Mair’s Peasant Flail 3: Contactus Ex Primo Congressu Duo Per Flagella

From the Bayerische Staatsbibliothek

 

Translation by Rachel Barkley

Two Contacts[1] from the First Fight[2] With Flails

You will place yourself in this manner[3]. You will fix forward the left foot, you in the position of first contact will hold the lower part of the flail with the left hand. If you apply force in the middle[4] using the right hand, you will strike the right flank of your adversary’s head.

If your enemy has used the same position against you who are holding forward your right foot[5] and gripping the middle of your flail with the right hand and the lower end with the left, you will meet his blow with your flail[6], and if you will have touched the flail-body of your enemy’s flail,[7] you will repel his strike turning him to your left flank from this position. Then immediately, you following with your left foot, you will beat sharply the right flank of your enemy’s body.

But if he by the same reckoning  will have attacked you, then you will repel his attack against the left flank with the hanging part of the flail. Meanwhile, if you should pass over to the left flank of your enemy with the right foot, you will strike his head with that part of the flail by which grain is threshed[8] and from this position you will withdraw backwards.

Notes:

[1] Contactus – literally translates as “Contacts” or “touches”.  Could be a synonym for “strike”, but doesn’t seem to be used as such throughout the rest of the plates

[2] Primo Congressu – literally “First Encounter”, but is unclear if this is a reference to plate 1 (meaning this play would serve as an optional continuance from Patiente’s bind with the head) or some other idiomatic use of the “First Play” as a mnemonic object (as is seen in other manuals)

[3] The illustration most resembles Liechtenauer’s “Speaking Window” guard of the longsword, which is also formed when the weapons are crossed  in a bind.

[4] This could refer merely to holding the staff in the middle, though it does not seem consistent with the “if… then” logical construction.  Directionality of the force is not described, but if the interpretation of this as an alternate resolution of Plate 1 is correct, pushing down or pulling back on the middle of the staff in the bind would slip out of the bind and effectively disengage, setting up the offside strike to the right side of Patiente’s head.  In practice we’ve been disengaging down, as the disengage up is more cumbersome.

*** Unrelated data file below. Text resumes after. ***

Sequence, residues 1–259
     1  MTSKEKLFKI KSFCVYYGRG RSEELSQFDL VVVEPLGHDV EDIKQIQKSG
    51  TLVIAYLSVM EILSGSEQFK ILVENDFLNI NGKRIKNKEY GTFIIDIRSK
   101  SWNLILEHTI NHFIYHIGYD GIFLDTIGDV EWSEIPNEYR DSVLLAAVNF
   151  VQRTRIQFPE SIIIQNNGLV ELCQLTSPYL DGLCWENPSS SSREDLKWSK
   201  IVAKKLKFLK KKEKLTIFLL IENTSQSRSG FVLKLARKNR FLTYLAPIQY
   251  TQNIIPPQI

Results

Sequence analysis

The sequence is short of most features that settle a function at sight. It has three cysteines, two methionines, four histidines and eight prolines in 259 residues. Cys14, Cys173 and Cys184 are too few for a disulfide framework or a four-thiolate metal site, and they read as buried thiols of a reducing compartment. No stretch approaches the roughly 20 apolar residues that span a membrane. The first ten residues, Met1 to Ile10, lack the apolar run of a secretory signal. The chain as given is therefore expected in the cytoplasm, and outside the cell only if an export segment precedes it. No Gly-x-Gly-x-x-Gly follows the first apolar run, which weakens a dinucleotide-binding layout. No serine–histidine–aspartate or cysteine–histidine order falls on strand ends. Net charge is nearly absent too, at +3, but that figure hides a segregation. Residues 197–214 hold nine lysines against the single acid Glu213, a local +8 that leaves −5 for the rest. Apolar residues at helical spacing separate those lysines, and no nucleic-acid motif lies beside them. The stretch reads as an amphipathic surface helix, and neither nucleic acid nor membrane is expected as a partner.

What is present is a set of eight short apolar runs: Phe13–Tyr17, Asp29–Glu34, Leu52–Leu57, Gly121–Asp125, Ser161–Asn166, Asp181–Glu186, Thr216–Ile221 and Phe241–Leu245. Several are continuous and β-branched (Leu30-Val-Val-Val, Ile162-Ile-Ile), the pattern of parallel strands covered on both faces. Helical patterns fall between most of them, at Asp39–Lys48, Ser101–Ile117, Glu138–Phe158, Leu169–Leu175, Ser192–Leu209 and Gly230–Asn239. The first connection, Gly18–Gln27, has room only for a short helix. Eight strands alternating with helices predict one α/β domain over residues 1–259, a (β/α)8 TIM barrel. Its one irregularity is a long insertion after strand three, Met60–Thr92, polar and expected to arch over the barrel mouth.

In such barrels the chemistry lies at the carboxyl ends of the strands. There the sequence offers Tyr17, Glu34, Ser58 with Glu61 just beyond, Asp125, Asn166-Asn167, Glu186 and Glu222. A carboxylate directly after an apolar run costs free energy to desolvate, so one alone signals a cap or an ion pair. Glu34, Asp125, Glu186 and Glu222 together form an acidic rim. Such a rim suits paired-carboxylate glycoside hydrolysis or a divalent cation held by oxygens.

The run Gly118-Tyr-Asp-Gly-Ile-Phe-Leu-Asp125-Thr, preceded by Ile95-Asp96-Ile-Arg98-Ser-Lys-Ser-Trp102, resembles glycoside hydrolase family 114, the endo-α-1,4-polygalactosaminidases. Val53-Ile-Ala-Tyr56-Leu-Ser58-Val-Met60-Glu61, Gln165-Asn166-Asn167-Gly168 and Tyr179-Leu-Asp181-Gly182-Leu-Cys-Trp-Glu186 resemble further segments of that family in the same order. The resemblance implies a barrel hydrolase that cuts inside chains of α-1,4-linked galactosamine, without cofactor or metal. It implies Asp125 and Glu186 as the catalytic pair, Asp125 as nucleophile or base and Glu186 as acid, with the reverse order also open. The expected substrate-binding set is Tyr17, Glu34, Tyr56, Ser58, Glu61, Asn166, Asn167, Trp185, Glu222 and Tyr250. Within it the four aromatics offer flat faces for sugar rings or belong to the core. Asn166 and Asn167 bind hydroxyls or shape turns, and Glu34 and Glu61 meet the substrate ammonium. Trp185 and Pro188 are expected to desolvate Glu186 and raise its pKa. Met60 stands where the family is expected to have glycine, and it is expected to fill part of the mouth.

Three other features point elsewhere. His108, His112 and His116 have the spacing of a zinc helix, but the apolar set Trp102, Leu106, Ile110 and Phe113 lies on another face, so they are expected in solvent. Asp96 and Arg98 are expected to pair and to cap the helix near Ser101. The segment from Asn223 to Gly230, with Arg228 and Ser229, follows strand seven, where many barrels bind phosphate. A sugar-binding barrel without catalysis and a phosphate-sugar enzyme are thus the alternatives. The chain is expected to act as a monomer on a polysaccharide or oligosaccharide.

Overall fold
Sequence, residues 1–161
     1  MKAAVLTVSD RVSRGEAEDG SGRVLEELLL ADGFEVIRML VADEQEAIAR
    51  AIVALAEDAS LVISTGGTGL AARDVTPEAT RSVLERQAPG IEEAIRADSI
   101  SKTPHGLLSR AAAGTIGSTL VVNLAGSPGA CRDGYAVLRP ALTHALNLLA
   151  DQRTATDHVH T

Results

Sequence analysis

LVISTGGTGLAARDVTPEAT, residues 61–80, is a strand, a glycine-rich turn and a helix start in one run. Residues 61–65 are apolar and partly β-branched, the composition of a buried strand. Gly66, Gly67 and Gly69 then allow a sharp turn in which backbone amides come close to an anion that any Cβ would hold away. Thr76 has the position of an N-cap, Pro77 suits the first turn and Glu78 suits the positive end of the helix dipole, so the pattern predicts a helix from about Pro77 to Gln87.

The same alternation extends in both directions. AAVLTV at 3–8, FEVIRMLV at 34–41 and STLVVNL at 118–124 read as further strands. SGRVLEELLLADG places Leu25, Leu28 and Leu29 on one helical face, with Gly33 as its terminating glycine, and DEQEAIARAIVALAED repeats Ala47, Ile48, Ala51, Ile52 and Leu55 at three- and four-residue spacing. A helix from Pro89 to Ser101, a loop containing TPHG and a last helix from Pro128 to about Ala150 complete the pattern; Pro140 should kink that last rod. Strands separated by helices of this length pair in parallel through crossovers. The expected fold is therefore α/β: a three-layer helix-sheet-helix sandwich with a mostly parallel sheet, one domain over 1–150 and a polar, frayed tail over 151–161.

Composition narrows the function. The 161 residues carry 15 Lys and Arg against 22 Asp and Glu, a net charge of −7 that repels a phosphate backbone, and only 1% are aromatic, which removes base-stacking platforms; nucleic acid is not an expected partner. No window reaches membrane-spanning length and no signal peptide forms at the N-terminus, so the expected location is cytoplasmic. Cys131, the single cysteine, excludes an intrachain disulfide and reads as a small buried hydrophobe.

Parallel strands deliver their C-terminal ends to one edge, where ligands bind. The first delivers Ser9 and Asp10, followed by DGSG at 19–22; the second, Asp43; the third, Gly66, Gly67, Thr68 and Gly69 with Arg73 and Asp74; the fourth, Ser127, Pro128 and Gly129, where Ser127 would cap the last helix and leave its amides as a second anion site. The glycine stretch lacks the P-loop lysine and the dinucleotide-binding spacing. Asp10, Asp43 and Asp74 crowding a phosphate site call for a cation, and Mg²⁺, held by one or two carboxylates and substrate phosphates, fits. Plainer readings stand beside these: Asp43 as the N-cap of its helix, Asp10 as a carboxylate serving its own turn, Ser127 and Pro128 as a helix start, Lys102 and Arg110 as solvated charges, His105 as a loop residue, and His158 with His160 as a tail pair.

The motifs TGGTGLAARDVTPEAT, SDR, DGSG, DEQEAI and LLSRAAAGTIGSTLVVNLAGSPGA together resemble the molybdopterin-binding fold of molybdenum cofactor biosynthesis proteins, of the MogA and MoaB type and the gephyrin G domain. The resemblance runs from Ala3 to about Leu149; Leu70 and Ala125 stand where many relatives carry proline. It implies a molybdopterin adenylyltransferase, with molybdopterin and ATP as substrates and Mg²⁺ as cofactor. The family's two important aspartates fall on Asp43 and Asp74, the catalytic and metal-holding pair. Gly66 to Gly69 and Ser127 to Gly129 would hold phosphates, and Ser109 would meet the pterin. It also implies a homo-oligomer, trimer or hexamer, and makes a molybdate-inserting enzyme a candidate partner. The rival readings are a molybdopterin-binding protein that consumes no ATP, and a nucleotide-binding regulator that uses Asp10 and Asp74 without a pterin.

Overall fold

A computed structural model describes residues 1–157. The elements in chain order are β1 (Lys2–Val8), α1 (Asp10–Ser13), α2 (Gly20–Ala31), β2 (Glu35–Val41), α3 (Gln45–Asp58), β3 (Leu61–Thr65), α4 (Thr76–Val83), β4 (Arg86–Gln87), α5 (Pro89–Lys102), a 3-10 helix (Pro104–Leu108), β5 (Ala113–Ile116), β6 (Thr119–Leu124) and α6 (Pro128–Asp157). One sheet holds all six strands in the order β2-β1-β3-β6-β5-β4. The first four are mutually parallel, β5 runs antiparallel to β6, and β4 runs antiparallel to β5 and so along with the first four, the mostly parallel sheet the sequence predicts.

[5] This instruction is opposite the position of the feet for Patiente in the first plate, and throws a wrench in that possible interpretation (Patiente’s right foot does not come forward until after the deflection is complete in Plate 1).

[6] The part of the flail with which to deflect is not specified

[7] This seems to be best done by intercepting the disengage low with the flail-head.

[8] Mair has somewhere between three and two hundred names for the flail-head.

 

Interpretation by Owen Townes

Setup:

Agente:
Left foot forward
Middle grip
Bound on the inside at the “Speaking Window”

Patiente:
Right foot forward,
middle grip,
bound on the inside at the “Speaking Window”

Play:

Agente:
Disengage down
Offside Oberhau

Patiente:
Catch Agente’s head or staff mid-disengage, deflecting low and to left-side Scales
Pass left foot forward
Offside mittelhau

Agente:
Deflect above head and over into left-side Scales
Pass forward and to the right
Onside oberhau
Withdraw

Observations:

The ambiguity around the nature of the starting position, the disengage (if it even is a disengage), and Patiente’s counter makes this widely open to interpretation.  What’s presented here has the appeal of simplicity and minimal waste of energy.

 

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